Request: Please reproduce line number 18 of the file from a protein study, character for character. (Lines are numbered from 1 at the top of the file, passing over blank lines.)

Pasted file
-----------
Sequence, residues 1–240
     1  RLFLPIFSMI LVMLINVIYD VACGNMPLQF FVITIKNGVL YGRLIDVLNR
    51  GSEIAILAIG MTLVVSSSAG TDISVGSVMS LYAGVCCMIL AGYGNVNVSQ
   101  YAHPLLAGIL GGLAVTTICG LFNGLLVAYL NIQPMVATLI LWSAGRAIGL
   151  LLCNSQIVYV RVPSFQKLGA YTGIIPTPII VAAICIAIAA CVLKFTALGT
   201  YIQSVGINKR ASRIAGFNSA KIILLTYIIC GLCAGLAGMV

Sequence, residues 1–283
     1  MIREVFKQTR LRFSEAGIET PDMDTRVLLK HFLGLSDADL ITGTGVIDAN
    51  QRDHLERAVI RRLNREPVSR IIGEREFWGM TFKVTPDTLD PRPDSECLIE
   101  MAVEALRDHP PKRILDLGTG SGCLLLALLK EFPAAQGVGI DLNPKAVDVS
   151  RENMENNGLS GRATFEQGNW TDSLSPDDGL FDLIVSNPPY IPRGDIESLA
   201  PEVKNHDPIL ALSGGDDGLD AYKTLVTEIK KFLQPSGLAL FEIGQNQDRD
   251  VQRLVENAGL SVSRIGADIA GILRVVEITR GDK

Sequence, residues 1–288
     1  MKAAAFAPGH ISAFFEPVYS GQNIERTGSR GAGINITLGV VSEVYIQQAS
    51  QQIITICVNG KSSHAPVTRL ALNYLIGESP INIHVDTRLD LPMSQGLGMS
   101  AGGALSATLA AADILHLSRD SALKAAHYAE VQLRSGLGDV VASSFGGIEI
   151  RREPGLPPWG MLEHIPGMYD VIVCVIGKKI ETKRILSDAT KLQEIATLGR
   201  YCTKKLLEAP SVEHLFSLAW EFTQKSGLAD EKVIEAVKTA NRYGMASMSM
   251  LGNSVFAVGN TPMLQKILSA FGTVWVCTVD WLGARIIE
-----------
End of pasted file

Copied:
   151  RREPGLPPWG MLEHIPGMYD VIVCVIGKKI ETKRILSDAT KLQEIATLGR